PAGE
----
6. Closing: Wrap up your email by expressing your excitement to share this journey with them and your commitment towards ensuring a smooth transition during your leave.

Understanding Your Rights and Company Policy

In the United Kingdom, pregnant employees are covered by legal rights that protect their jobs and afford them certain accommodations. These rights apply to all pregnant employees regardless of where they work. Your job may also have some additional policies in place that you should familiarise yourself with when disclosing your pregnancy to your supervisor.

Legal Protections For Pregnant Employees

In the United Kingdom, pregnant employees are granted several legal protections to ensure their safety and rights during this significant period. These protections are stipulated under the Equality Act 2010 and the Employment Rights Act 1996.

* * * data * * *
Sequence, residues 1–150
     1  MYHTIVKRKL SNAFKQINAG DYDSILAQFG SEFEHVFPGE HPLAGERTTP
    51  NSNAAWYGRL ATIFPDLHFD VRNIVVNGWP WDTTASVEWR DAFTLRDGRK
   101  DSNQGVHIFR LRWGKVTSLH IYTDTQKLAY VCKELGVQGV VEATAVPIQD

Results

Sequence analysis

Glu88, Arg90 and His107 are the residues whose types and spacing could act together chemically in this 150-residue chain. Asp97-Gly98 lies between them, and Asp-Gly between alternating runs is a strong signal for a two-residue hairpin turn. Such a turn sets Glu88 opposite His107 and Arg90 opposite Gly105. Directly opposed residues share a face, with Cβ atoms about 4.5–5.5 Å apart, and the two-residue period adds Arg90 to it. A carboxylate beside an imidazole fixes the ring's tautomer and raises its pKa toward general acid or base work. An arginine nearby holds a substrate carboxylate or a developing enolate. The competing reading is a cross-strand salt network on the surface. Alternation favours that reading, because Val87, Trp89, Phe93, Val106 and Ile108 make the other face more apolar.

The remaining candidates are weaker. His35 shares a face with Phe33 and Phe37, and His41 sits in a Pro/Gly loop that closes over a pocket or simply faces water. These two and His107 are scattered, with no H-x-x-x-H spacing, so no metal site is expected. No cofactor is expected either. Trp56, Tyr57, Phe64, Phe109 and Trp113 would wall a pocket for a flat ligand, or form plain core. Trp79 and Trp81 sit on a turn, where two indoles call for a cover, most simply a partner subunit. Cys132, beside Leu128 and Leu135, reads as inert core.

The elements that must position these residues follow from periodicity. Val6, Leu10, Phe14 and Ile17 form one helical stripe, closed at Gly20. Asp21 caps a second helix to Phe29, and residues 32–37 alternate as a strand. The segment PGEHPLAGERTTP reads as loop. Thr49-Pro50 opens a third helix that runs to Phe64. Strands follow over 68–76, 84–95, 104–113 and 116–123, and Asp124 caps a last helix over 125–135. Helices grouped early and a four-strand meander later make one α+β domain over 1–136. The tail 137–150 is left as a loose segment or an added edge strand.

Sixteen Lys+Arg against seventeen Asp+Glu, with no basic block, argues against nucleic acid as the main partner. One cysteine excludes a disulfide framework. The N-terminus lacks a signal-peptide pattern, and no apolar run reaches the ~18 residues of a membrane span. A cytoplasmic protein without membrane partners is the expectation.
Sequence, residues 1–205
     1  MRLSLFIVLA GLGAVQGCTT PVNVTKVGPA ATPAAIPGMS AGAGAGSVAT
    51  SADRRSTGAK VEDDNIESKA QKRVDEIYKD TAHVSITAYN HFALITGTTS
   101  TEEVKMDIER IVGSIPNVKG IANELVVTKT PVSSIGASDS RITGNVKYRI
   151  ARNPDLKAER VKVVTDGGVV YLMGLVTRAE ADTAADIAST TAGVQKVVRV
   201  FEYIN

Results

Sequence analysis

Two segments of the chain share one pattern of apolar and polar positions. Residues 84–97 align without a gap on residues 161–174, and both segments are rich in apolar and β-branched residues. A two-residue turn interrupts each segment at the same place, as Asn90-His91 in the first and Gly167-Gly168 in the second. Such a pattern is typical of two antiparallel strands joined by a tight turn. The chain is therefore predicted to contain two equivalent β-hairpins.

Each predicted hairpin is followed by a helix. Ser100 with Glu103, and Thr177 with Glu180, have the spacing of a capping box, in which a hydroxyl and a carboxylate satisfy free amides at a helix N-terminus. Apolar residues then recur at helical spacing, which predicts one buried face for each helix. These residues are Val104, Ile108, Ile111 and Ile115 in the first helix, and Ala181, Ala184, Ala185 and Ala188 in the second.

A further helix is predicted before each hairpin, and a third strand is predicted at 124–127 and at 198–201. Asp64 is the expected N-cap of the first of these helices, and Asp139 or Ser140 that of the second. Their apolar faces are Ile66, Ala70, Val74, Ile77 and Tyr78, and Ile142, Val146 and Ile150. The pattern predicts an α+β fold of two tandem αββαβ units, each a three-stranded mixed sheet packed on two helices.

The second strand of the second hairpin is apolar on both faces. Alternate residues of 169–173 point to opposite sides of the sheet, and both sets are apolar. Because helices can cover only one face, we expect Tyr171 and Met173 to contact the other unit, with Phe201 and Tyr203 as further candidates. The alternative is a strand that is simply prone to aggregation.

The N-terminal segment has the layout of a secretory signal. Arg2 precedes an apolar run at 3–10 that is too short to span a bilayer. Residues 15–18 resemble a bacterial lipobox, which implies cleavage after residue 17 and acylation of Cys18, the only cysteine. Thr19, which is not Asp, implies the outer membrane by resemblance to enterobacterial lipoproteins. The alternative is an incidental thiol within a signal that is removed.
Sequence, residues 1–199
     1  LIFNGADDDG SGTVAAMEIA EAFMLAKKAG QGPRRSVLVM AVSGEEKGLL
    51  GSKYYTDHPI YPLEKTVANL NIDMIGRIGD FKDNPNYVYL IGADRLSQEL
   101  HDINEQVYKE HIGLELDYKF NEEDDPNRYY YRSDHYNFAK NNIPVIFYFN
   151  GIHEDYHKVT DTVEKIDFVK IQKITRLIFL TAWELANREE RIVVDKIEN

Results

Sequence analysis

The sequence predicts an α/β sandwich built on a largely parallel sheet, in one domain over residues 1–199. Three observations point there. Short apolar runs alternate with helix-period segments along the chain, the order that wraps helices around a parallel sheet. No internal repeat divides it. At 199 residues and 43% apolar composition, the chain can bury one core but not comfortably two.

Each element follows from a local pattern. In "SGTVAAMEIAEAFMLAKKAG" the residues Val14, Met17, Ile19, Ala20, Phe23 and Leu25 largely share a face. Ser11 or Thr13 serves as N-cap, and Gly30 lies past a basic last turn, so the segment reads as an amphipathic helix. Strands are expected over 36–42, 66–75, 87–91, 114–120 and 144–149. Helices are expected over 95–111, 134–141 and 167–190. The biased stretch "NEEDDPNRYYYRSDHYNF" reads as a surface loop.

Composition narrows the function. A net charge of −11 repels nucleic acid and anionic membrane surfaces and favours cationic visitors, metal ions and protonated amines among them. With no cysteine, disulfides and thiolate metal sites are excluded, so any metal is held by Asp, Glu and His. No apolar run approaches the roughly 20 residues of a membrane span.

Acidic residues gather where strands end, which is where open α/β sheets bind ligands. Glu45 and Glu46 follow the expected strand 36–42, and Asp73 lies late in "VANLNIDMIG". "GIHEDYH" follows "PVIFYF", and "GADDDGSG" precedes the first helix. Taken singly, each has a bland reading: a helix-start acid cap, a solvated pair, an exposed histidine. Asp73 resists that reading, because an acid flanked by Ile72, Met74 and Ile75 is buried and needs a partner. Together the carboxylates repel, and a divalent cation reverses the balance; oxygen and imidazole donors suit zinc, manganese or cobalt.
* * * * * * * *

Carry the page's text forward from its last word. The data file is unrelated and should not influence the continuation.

1. Right to Paid Time Off For Antenatal Care: Expectant mothers have a statutory right to paid time off for antenatal care, which includes appointments and classes recommended by a registered medical practitioner, midwife, or nurse.
  2. Protection Against Discrimination: Under the Equality Act 2010, it's unlawful for employers to discriminate against employees because of pregnancy or maternity. This protection applies during the 'protected period', from the beginning of the pregnancy to the end of the maternity leave.
  3. Health and Safety Rights: Employers should conduct a risk assessment to identify any workplace risks that may affect pregnant employees or new mothers. If risks are identified, reasonable adjustments must be made to the employee's working conditions or hours. If adjustments cannot be made, the employer must offer suitable alternative work or, if that is not possible, suspend the employee on full pay.